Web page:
Greek mythology is one of the most commonly (along with Roman) known, and a good deal of this information is familiar, though I had forgotten that Hera was sister as well as wife to Zeus. An excellent lesson.
I'm very surprised that Aphrodite (beauty!) and Hephaestus (not handsome) were married. Kind of reminds me of Beauty and the Beast, actually. :)
I like the simple way you present things, and the way you allow for us to do our own research by leaving holes for us to fill. That is, after all, in my opinin, the point of NEWT level classes. We do our own learning!
Anyway, I'm rather cynical about Zeus. In all the interpretations I've read, he comes off as egocentric, arrogant, and altogether TOO powerful for his own good.
Hera, though, is not a nice woman, herself. The things she does...she's a downright vixen! I wouldn't blame her, though, married to such a player.
Sometimes, I think the gods were worse than humans themselves. Reminds me of celebrities nowadays, where they're allowed to do illegal things common people would get punished for (i.e. 16 year olds in clubs etc.)
Adonis -sigh- is often used by Draco/Ginny writers to describe Draco Malfoy. -sigh- -fangirl squee-
Anyway, I like that you left some blanks for us to fill with our stories! I'd rather like to cover Adonis, I think, since I am such a Draco fan. :D
The list of the muses were interesting because I saw a few arts like painting and sculptures that were left out.
That rather surprised me. Beyond that, this chapter was breathtakingly short and concise with information.
I, too, knew most of this already, but it was interesting to read it from a HP perspective. I love Greek mythology, and it would seem that Jo does, too, as she takes a lot of names, stories, and animals from Greek myth. Merope, for example, was a nymph who was disowned for marrying a mortal.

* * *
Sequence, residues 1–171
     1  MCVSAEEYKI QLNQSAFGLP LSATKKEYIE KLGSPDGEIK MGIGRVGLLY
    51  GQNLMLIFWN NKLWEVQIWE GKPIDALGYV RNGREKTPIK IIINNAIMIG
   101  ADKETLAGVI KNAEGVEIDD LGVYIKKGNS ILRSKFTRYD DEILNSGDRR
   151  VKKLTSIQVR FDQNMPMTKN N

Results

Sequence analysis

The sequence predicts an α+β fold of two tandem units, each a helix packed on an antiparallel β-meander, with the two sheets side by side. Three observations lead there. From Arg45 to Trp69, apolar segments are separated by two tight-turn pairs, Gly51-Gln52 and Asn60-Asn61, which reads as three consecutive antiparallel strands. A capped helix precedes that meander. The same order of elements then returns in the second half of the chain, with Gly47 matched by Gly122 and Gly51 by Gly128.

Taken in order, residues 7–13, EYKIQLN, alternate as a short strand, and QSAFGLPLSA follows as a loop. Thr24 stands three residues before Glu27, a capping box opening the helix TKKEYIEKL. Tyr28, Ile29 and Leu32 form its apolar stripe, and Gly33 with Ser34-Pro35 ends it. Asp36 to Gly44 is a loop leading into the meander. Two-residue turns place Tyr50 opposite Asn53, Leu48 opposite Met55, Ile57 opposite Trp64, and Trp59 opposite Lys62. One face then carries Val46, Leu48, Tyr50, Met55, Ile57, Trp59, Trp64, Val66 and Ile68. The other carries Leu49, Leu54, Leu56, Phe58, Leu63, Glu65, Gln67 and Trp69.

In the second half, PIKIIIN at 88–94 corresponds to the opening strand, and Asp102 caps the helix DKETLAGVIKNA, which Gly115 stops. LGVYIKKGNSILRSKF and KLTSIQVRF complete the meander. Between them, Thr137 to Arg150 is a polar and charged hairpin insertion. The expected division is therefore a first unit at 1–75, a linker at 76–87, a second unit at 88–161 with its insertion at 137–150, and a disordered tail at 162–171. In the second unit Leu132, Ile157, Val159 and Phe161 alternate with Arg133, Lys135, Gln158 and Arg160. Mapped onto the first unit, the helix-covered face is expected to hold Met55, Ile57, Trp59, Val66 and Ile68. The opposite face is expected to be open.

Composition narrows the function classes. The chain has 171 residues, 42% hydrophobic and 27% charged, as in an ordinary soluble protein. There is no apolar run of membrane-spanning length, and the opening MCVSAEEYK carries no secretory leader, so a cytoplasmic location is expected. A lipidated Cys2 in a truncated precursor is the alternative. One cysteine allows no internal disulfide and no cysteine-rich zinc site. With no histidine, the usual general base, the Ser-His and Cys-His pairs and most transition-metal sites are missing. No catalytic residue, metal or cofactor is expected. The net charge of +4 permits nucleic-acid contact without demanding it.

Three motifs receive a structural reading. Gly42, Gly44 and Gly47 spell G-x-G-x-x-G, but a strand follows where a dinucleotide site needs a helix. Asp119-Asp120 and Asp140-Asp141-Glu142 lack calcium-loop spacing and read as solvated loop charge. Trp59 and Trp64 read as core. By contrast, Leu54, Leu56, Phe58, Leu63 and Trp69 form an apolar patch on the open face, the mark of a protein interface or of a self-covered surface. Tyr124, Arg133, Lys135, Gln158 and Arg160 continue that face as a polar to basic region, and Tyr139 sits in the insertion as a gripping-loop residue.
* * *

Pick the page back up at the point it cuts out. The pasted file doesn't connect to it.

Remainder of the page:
Although I've heard most of this, I was suprised to learn that Posideon once desired Demeter; that was a new bit of information.
Speaking of new information, there is a version of Athena's birth that states that she was the daughter of Zeus and a nymph (I forget the name). The nymph predicted that the child would be a boy and overthrow Zeus. Reasonably scared, Zeus swallowed his pregnant mistress whole. A few days later, he complained of a headache and out came Athena.
Not that different, but still.... I don't believe that even the gods could produce a child alone.
Okay now I need to reread this and make a flow chart....
I have a thick book full of Greek Myths standing on my book shelf and although I've read most of them, I wouldn't be able to retell a lot of them, simply because I always mix up the different gods, goddesses and heros. I know the most important ones and their stories, but all the lesser gods confuse me every time.
I like that you listed just the most important gods and goddesses because otherwise this could become really confusing very quickly.
I do have one question though: Am I right in thinking that Zeus didn't only cheat on Hera (for lack of better terms) with other goddesses but with mortals, too? Perhaps that might be an interesting thing to add when you metion those women (Leto, Artemis and Apollo's mother; Maia, Hermes's mother and Dione, Aphrodite's mother) I would be really interested in knowing if they were goddesses or mortals, but I suppose I can just look it up myself.
Ironically, He is also known to punish those that lie or break oaths.
That line made me laugh out loud. I'm learning ancient greek and my professor draw a simple family tree of the greek gods, and that quickly got very complex. Half of the reason was because of Zeus. I remember Athena sprung from his head, and there was somehow a titan involved, too. But when I read the Illiad my professor said there are so many different stories about the gods, that its almost impossible to keep them all straight because the stories differ.
I liked that you listed the names of the muses. I heard of them, but never more detail then that.
I once tried to make a list of all of Zeus' children - I'm quite glad that you're sticking to the major players here - one thing, if I remember correctly, Athena was actually birthed from Zeus' ear, not his forehead (though I suppose that varies depending on the source). Or perhaps I'm thinking of a different offspring...